This week in history boasts the birthday of the military head of the Manhattan Project, as well as the end date of the top-secret research project that developed the atomic bomb during World War II.

Lt. Gen. Leslie Richard Groves Jr., a U.S. Army Corps of Engineers officer, was born in Albany, N.Y. on Aug. 17, 1896. Groves graduated fourth in his class from the U.S. Military Academy at West Point and, in August 1941, went on to oversee the construction of a gigantic office complex to house the War Department's 40,000 staff which would ultimately become the Pentagon. The following year he took charge of the Manhattan Project, which had begun in August 1942, and Groves was involved in most aspects of the atomic bomb's development.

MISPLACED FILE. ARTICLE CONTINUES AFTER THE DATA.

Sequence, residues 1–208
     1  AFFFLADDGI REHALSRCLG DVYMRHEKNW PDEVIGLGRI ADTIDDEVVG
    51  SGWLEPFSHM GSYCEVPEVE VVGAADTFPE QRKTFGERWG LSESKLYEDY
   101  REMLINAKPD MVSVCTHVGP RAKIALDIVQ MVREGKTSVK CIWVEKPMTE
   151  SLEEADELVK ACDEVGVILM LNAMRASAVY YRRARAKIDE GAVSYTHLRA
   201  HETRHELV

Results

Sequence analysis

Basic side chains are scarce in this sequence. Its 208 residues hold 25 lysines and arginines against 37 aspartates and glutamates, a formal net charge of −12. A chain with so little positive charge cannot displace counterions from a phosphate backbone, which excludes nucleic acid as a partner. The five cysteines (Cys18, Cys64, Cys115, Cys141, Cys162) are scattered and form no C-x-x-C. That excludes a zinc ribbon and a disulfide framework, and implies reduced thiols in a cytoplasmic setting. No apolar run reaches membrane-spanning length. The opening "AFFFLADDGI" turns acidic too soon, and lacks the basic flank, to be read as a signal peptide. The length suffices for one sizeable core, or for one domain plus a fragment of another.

Groves personally selected J. Robert Oppenheimer as leader of the Los Alamos laboratory, disregarding the man's Communist associations and waiving his security clearance process, according to the Atomic Heritage Foundation.

Groves was known for his critical and stubborn attitude, egotism, intelligence and drive to achieve his goals at all costs.

He continued to lead the Manhattan Project until atomic energy affairs were turned over to the newly created civilian Atomic Energy Commission, which officially abolished the project on Aug. 15, 1947.

After the war was over, Groves stayed in the military for several years before retiring from it in 1948 and moving to Darien. He went on to serve as vice president of the Sperry Rand Corporation and as president of the West Point alumni association.

Groves died in Washington, D.C. on July 13, 1970.

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The year Lt. Gen. Leslie Richard Groves Jr., the military head of the Manhattan Project, was born.